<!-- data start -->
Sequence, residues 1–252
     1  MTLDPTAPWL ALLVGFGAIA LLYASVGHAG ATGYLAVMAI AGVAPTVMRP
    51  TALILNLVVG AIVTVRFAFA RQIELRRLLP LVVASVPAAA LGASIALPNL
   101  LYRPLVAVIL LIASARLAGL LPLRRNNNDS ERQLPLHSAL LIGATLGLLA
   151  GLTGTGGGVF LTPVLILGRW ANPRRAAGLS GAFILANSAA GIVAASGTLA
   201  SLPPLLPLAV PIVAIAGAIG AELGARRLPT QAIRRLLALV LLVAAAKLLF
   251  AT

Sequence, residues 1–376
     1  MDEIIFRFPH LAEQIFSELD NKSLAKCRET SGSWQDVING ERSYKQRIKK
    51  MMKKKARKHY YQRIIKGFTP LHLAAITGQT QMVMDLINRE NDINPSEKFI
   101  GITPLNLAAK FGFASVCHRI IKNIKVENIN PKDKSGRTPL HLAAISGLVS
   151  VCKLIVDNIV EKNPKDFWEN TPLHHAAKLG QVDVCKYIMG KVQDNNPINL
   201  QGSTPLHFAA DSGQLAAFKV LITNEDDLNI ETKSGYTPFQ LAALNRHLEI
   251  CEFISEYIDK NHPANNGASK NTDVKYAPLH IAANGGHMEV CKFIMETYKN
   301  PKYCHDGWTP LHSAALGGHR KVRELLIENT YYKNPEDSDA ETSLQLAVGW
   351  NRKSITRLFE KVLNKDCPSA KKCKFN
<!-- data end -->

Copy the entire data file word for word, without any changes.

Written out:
Sequence, residues 1–252
     1  MTLDPTAPWL ALLVGFGAIA LLYASVGHAG ATGYLAVMAI AGVAPTVMRP
    51  TALILNLVVG AIVTVRFAFA RQIELRRLLP LVVASVPAAA LGASIALPNL
   101  LYRPLVAVIL LIASARLAGL LPLRRNNNDS ERQLPLHSAL LIGATLGLLA
   151  GLTGTGGGVF LTPVLILGRW ANPRRAAGLS GAFILANSAA GIVAASGTLA
   201  SLPPLLPLAV PIVAIAGAIG AELGARRLPT QAIRRLLALV LLVAAAKLLF
   251  AT

Sequence, residues 1–376
     1  MDEIIFRFPH LAEQIFSELD NKSLAKCRET SGSWQDVING ERSYKQRIKK
    51  MMKKKARKHY YQRIIKGFTP LHLAAITGQT QMVMDLINRE NDINPSEKFI
   101  GITPLNLAAK FGFASVCHRI IKNIKVENIN PKDKSGRTPL HLAAISGLVS
   151  VCKLIVDNIV EKNPKDFWEN TPLHHAAKLG QVDVCKYIMG KVQDNNPINL
   201  QGSTPLHFAA DSGQLAAFKV LITNEDDLNI ETKSGYTPFQ LAALNRHLEI
   251  CEFISEYIDK NHPANNGASK NTDVKYAPLH IAANGGHMEV CKFIMETYKN
   301  PKYCHDGWTP LHSAALGGHR KVRELLIENT YYKNPEDSDA ETSLQLAVGW
   351  NRKSITRLFE KVLNKDCPSA KKCKFN